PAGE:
Our “elite” universities–a designation that doesn’t mean their students know anything about history, can do math, know anything about science or are acquainted with Western (or any) literature–have come down heavily on the side of Hamas in the current Middle Eastern conflict. This may be due to the fact that Islamic countries have poured billions of dollars into their coffers, or maybe it is just the usual perversity of American liberalism. Whatever the cause, Yale is a typical offender. The Wall Street Journal headlines: “Jewish Students Meet Hostility at Yale.”
Organizers refused us entry because we weren’t registered but waved others through who also weren’t on the list. The lecture hall was filled, and we resorted to sitting outside and pressing our ears against the door to listen.
What we heard was two hours of denial, lies and incitement. Speakers referred to the atrocities of Oct. 7 in the sanitized language of “civilians killed,” not beheaded, raped or kidnapped. They called the terrorist group “militant,” and one observed that “violent resistance movements often emerge in colonized spaces.”
Nobody mentioned the Hamas charter’s call to “fight Jews and kill them,” but somebody asserted that Israel aims to “inflict as much harm, damage, and death as possible.” One panelist remarked, “The one most important part of our conversation here today is that Israel is still occupying Gaza.” Israel withdrew from Gaza in 2005.
This anti-Semitic festival was not some off- off-Broadway production. It had the full backing of Yale’s administration:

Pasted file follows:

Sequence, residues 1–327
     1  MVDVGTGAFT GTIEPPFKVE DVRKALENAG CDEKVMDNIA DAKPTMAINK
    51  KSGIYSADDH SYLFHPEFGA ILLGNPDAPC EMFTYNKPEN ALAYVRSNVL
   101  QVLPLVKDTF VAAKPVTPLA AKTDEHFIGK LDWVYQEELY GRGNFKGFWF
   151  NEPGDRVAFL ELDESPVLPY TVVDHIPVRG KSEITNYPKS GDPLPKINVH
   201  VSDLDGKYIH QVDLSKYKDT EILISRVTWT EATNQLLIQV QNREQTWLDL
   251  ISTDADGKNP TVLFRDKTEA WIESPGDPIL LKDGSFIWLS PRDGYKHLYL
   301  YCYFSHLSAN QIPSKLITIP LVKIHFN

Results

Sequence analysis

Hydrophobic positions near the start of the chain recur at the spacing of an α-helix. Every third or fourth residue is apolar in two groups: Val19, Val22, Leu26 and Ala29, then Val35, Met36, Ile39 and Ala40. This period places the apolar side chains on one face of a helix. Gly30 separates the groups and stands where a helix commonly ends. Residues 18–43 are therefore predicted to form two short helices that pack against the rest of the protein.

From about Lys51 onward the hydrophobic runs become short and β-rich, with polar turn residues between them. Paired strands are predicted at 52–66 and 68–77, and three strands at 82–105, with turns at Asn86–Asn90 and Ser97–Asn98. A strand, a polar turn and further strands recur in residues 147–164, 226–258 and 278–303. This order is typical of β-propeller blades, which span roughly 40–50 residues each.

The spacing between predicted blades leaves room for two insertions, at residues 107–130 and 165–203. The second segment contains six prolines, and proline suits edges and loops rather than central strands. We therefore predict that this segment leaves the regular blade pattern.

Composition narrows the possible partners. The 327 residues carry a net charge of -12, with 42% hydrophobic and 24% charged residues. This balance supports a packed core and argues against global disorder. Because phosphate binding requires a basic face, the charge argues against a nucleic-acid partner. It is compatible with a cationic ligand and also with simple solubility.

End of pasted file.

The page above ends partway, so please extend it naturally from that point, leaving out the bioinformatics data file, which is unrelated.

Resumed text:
This event had broad institutional support from Yale. “Gaza Under Siege” was co-sponsored by the American Studies, Anthropology and Religious Studies departments; the programs in Ethnicity, Race and Migration and Women, Gender and Sexuality Studies; the Center for Middle East Studies; the Black Feminist Collective (co-directed by the head of Pierson College); the Ethnography Hub; the Edward J. and Dorothy Clarke Kempf Memorial Fund; and Yalies4Palestine. The head of Jonathan Edwards College promoted it in a weekly email. The heads of Yale’s colleges had previously been instructed not to advertise a post-Oct. 7 Shabbat dinner invitation. That event was controversial, an administrator told Ms. Tartak.
In the past month, Yale has become a hostile environment for Jewish students.
That seems like an understatement. But if “elite” institutions like Yale have lost their moral compass, most Americans understand better what is going on. The Daily Mail, via the TIPP poll, asked Americans whether top universities are doing enough to combat anti-Semitism. The results are pretty gratifying:
US adults by wide margins say top universities are not doing enough to crack down on anti-Semitism and support for Hamas hardliners on campus, a DailyMail.com/TIPP Poll shows.
Nearly two-thirds of respondents to our survey — 63 percent — said elite schools were failing to meet the challenge of hateful rhetoric. Another 14 percent disagreed, and 23 percent said they were unsure.
Some 41 percent said they felt strongly that US schools were not doing enough.
Another 22 percent agreed somewhat.
Here is the chart. Again, 41% believe “strongly” that “top universities” are not doing enough to crack down on anti-Semitism and support for Hamas:
Given the awfulness of our educational system and the fact that both the news media and almost all elements of the entertainment industries are on the wrong side, it is remarkable that so many Americans retain a fundamental moral compass.